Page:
Protect Your Canine: Why Is Chocolate Bad for Dogs?

Posted by Pekin Insurance on Oct 30, 2017

Chocolate has protein, calcium, magnesium, iron, and other nutrients a dog needs, so why is chocolate bad for dogs?


Now and then you meet someone who doesn't like chocolate. They prefer a hot tea over hot chocolate in the winter and are happier with plain ice cream than an ice cream sundae with chocolate sauce. Dogs are another story. There may not be a dog on this planet who doesn't like chocolate. That's a problem, though.

You may already know that dogs shouldn't have chocolate, but why is chocolate bad for dogs? Healthline points out that an average dark chocolate bar contains potassium, 11 grams of fiber, and significant amounts of manganese, iron, and copper—all nutrients your dog needs in a balanced diet.  Dark chocolate also contains antioxidants. Like humans, dogs need antioxidants in their diets to help improve cellular health. For some dogs (and cats) antioxidants can decrease allergy symptoms and support a healthy coat. 

These all seem like benefits, so why is chocolate bad for dogs? Can't they have just a little bit?


Why Is Chocolate Bad for Dogs?

According to a video posted by the American Chemical Society, there is one molecule in chocolate that can become deadly for dogs if they eat too much: theobromine. Theobromine is similar to caffeine in that it increases the flow of oxygen and nutrients to the brain in humans. Dogs, however, can't process theobromine.

When dogs get chocolate poisoning, "the most common clinical signs are vomiting and diarrhea, increased thirst, panting or restlessness, excessive urination, and a racing heart rate," according to Pet Poison Hotline's Associate Director of Veterinary Services, Ahna Brutlag, DVM, MS, DABT, DABVT.  More severe symptoms may include muscle tremors, seizures, and heart failure. It's important to point out, however, that symptoms could take 6 to 12 hours to present themselves. So if you think or know your dog has eaten chocolate, treat them right away.

How Much Chocolate Will Make Your Dog Sick?

Chocolates don't all contain the same concentration of theobromine. Baker's chocolate and chocolate powder contain the most: baker's chocolate has up to 450 milligrams of theobromine per ounce of chocolate. Dry cocoa powder could have as much as 737 milligrams of theobromine per ounce. 

By contrast, milk chocolate has between 44 and 60 milligrams of theobromine per ounce of chocolate. Does that mean milk chocolate is okay for your dog? No.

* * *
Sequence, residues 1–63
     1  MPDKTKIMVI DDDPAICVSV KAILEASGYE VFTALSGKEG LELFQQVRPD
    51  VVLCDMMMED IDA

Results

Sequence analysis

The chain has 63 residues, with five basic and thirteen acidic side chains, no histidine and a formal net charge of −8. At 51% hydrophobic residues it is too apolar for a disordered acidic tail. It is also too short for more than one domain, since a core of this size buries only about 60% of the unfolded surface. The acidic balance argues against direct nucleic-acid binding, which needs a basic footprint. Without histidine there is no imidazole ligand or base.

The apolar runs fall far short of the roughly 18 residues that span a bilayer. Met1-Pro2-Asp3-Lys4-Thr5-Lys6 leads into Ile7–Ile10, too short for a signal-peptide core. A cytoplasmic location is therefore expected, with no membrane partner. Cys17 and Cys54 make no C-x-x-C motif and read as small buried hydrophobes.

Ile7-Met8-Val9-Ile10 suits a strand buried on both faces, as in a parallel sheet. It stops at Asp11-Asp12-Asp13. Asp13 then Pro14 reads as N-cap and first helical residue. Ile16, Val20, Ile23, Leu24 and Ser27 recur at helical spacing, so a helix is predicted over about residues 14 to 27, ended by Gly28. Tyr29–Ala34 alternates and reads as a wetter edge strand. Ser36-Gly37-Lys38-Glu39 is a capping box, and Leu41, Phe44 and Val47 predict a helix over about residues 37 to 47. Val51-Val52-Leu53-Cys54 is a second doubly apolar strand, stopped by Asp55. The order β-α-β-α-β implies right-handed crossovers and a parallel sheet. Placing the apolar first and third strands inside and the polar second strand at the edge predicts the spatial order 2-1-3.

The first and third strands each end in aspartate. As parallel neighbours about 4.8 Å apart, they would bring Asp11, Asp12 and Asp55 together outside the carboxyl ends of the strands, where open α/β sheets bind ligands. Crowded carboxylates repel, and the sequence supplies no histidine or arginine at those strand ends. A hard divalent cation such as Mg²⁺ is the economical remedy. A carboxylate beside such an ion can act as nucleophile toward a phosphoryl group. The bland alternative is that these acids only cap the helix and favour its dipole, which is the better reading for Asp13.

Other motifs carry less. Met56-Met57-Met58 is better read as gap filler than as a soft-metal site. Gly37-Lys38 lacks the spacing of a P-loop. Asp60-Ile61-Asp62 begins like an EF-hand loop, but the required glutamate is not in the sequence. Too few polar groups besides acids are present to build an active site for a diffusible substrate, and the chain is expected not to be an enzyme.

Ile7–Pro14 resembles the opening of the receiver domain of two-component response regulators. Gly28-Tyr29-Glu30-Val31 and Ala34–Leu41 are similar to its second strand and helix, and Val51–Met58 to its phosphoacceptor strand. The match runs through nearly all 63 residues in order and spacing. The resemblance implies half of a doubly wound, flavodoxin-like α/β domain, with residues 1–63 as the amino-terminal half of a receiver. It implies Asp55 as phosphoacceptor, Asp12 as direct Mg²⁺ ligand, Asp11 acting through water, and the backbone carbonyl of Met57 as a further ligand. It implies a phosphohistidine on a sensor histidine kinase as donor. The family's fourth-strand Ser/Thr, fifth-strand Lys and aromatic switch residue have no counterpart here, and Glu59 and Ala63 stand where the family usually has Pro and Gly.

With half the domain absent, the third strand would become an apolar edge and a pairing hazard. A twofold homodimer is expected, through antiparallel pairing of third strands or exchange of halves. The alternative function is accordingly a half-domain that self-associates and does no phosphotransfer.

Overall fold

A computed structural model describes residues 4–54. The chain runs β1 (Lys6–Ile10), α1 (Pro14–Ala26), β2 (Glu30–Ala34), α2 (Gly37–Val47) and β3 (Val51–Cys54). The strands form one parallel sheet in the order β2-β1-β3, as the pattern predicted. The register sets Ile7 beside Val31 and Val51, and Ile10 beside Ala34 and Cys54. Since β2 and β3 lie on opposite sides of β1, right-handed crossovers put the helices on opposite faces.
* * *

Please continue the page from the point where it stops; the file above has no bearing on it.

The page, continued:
According to the Pet MD toxicity meter, a 12-pound dog who eats a king-sized Hershey bar may experience vomiting, stomach upset, and hypertension. The same amount of dark chocolate could be fatal. For a 45-pound dog, 3 ounces of baker's chocolate is enough to cause an elevated heart rate, collapse, and death. 



What to Do If Your Dog Eats Chocolate

Your first action with any medical questions about your dog is to contact your vet. They are much better equipped to answer your questions and give you directions in case of an emergency.  If your vet isn't available, you can call the Pet Poison Helpline at 855-764-7661. 

Depending on the severity of the symptoms, your vet may treat your dog with IV fluids, induced vomiting, and activated charcoal to absorb the poison before it gets into your dog's bloodstream. The good news is that dogs who get treated quickly have an excellent survival rate.



Keeping Your Dog Away From Chocolate

Any dog owner knows that no matter how hard you try to keep certain foods and items away from them, pets will get into things from time to time. There are, however, a lot of steps you can take to keep your dog and your chocolate away from each other.
  • Place all chocolate candy (including candy bars, chocolate chips, and hot chocolate mix) up high in a closed cupboard.
  • If you or a guest spills anything with chocolate (like cake or chocolate milk), clean it up right away.
  • Remember that chocolate can hide in other foods. Chocolate cake and brownies may be obvious, but chocolate can also come in trail mix, snack bars, and some sauces like mole, for instance. 


While pet insurance won't keep your dog away from chocolate, it can help you cover the expense of treating your dog from chocolate poisoning and many other medical emergencies. Call your local Pekin Insurance agent today to learn more.




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